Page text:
It's hard to believe that we're less than two weeks away from the start of the NFL regular season. For many fans, they're just now starting to pay attention. But for fantasy owners, for FOOTBALLGUYS, we're already many months into our preparation. As one of the contributors to the site's projections, I have had the entire league modeled and projected since late April. A LOT of things happen between then and the beginning of September. I, along with the other staff, tweak our projections and expectations in real-time. But it occurs to me that very little is ever said about the way our opinions change. This article, and others like it, will highlight qualitatively the assumptions that went into my initial projections that have since changed considerably. Enjoy.
On Second Thought...
John Brown (ARI) still has WR2 upside, but the risks are far higher than we thought
Brown was ineffective last year, but the preseason narrative indicated it was because of untreated sickle-cell anemia. This preseason Brown once again missed the majority of the summer, and Bruce Arians openly admonished Brown on multiple occasions. The mercurial receiver returned to practice just before the third preseason game, and then caught two touchdowns playing with the starters in the dress rehearsal. That’s a reminder of Brown’s upside, but his illness is a reason to discount him on draft day.
The Ravens (BAL) receiving corps is deep, and a fantasy conundrum
Steve Smith’s retirement and Kamar Aiken’s departure raised questions about receiver depth, but Breshad Perriman had a relatively healthy start to camp which reminded us all of his potential. Mike Wallace and Perriman were an intriguing combination until the Ravens added Jeremy Maclin. Now all three receivers likely cannibalize each other. If any of them get hurt, the remaining duo has underappreciated fantasy potential.
Jordan Matthews and Zay Jones (BUF) are the last men standing
Sammy Watkins was traded to Los Angeles, and Anquan Boldin retired, leaving rookie Zay Jones and veteran Jordan Matthews (acquired in another trade) as Tyrod Taylor’s top targets. Jones comes from a high volume collegiate system and may be the top fantasy option on the roster. Matthews was underappreciated in Philadelphia, but it’s damning the team viewed him as replaceable with Nelson Agholor.
Kelvin Benjamin (CAR) is worth considering as a high upside WR2
My initial disdain for Benjamin was born out of two concerns: Cam Newton’s health and Benjamin’s weight. Newton is ahead of schedule in his return from shoulder surgery, and Benjamin reported to camp in good shape. Benjamin has played well with both Derek Anderson and Newton in recent weeks, putting a floor in his outlook.
The Bears (CHI) receiving corps is a mess unless Kevin White can live up to his pre-draft billing
Cameron Meredith tore his ACL in the third preseason game, leaving a void in an already thin receiving corps. Kevin White has been unable to stay healthy for two seasons but has participated in most of the preseason. He has an opportunity for 120+ targets if healthy, but otherwise, the team is left with more questions than answers. Veterans Kendall Wright, Markus Wheaton, and Victor Cruz all have designs on the vacant starting spot, but none are complete receivers.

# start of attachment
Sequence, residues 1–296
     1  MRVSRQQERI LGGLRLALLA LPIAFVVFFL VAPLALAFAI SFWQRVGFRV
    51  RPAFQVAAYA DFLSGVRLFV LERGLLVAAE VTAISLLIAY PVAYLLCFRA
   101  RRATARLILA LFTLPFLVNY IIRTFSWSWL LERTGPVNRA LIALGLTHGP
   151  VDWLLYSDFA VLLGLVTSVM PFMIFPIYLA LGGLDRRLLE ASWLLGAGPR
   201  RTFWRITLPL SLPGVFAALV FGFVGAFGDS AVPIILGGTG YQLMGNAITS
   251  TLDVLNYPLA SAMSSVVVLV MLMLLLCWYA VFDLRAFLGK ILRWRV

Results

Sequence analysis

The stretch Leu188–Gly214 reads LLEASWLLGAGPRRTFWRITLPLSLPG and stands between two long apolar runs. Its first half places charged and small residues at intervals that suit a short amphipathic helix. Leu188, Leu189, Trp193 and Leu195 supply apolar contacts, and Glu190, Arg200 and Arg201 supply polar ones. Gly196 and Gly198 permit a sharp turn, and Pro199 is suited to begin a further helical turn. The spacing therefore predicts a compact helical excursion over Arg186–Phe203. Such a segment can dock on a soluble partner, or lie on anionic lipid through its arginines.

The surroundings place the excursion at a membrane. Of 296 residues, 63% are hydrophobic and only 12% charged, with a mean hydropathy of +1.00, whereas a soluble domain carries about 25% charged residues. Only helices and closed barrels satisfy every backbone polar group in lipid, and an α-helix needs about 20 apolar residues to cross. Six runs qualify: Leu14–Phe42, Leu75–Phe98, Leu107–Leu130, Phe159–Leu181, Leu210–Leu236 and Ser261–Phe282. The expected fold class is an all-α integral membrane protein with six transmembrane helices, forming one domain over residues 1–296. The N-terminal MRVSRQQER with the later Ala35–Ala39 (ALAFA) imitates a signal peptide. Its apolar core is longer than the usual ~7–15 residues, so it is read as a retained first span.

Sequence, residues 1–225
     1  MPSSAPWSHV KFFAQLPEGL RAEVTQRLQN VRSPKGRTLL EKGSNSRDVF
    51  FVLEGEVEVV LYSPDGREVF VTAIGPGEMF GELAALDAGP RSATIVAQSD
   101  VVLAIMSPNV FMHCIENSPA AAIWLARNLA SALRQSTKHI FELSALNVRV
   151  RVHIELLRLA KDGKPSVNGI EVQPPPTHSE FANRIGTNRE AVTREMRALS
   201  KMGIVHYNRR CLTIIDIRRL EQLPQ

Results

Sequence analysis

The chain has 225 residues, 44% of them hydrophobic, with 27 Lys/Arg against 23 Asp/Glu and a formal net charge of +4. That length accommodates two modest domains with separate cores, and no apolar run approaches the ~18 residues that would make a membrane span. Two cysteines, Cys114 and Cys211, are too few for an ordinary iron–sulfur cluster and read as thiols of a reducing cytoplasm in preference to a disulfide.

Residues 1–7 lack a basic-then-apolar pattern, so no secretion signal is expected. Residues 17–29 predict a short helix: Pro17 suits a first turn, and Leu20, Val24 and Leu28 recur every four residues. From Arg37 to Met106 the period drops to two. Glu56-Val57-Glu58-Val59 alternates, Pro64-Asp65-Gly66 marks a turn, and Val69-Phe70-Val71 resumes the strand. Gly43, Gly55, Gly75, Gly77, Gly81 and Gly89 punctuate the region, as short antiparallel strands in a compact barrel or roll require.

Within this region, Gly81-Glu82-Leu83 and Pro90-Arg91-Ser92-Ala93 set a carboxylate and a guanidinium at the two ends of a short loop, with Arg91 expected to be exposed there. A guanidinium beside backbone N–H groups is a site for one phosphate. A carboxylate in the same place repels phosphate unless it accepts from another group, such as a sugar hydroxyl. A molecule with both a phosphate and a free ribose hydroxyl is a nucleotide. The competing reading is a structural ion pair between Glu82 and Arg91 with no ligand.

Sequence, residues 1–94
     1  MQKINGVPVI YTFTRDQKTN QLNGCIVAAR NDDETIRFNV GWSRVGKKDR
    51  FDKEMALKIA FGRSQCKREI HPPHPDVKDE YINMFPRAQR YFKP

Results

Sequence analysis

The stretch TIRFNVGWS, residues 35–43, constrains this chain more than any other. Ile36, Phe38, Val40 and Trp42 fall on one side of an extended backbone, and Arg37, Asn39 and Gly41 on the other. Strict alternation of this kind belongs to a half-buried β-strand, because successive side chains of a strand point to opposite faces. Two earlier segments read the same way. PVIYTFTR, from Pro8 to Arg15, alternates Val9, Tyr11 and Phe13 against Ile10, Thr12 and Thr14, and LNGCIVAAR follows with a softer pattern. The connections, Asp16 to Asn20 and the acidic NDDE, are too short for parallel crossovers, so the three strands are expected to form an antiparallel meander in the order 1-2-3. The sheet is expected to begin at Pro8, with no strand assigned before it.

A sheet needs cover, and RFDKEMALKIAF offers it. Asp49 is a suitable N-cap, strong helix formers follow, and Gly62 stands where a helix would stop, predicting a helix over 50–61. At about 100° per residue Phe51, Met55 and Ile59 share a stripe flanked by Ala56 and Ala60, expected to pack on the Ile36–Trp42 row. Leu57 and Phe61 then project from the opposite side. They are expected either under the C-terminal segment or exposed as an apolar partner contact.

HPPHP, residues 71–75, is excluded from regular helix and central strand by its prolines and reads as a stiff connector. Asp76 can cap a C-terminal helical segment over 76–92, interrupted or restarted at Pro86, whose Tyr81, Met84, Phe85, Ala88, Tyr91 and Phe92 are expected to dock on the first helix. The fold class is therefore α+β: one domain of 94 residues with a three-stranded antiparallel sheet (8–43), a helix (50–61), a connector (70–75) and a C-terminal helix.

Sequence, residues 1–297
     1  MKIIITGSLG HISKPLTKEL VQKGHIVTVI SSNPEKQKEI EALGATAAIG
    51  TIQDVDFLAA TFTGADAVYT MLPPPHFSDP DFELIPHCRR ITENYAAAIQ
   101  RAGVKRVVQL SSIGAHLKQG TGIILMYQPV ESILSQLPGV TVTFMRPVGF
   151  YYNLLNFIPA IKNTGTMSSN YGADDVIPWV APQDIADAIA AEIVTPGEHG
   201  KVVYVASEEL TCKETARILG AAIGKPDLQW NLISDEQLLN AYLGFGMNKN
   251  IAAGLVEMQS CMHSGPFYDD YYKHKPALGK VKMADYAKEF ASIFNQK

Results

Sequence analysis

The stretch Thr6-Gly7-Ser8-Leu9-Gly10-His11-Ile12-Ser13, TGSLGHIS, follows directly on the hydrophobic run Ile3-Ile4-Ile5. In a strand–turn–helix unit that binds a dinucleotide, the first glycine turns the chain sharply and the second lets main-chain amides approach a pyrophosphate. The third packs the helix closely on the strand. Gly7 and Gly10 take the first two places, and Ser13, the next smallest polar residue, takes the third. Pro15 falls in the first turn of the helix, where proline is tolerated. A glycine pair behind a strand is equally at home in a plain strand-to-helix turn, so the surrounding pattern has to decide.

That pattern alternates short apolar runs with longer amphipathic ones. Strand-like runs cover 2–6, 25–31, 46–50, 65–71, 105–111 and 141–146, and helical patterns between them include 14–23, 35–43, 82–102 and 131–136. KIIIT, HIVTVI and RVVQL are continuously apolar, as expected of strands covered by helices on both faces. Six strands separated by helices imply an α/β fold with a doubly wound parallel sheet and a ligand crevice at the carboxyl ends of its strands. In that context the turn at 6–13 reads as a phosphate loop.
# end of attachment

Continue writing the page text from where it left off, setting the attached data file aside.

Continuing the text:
Corey Coleman (CLE) remains a mystery
Is Coleman a potential #1, a solid #2, or a high draft pick gone bust? We still don’t know the answer, and my initial enthusiasm for Coleman as a breakout candidate has waned thanks to another quiet offseason.
Dez Bryant (DAL) is healthy and building rapport with Dak Prescott
Bryant hasn’t lived up to his All Pro reputation since signing a massive contract extension. This offseason he’s been a pillar of health and as importantly has connected with Prescott consistently in practice and limited preseason game snaps. Byant is worthy of late 1st round, early 2nd round consideration.
Kenny Golladay (DET) intrigues, but the hype has gone too far
Kenny Golladay was on no one’s radar a few months ago, but training camp reports have been universally effusive in their praise. He looks set to be the Lions’ #3 receiver, a role most recently held by Anquan Boldin. However, Golladay still may be no better than fifth in the pecking order and is being drafted as though he has WR2 upside.
Andrew Luck’s shoulder (IND) poses a threat to T.Y. Hilton and Donte Moncrief
The mystery behind Andrew Luck’s health casts doubt on whether T.Y. Hilton and Donte Moncrief can live up to their preseason billings. Hilton is a fantasy WR1 with Luck but doesn’t feel safe in the early 2nd round of drafts with the specter of Luck missing time. Moncrief is a talented WR3 with WR2 upside with Luck but a bench player without him.
Marquise Lee (JAX) has overtaken Allen Hurns
Entering the preseason, I had Hurns as #2 behind Allen Robinson, but that situation was a misread as Lee has been more impressive throughout training camp. Hurns is reportedly on the trade block, which means he may be cut if the Jaguars can’t find a suitor. Lee’s fantasy value is minimal in spite of the starting role.
Tyreek Hill (KC) is a fantasy WR2 with upside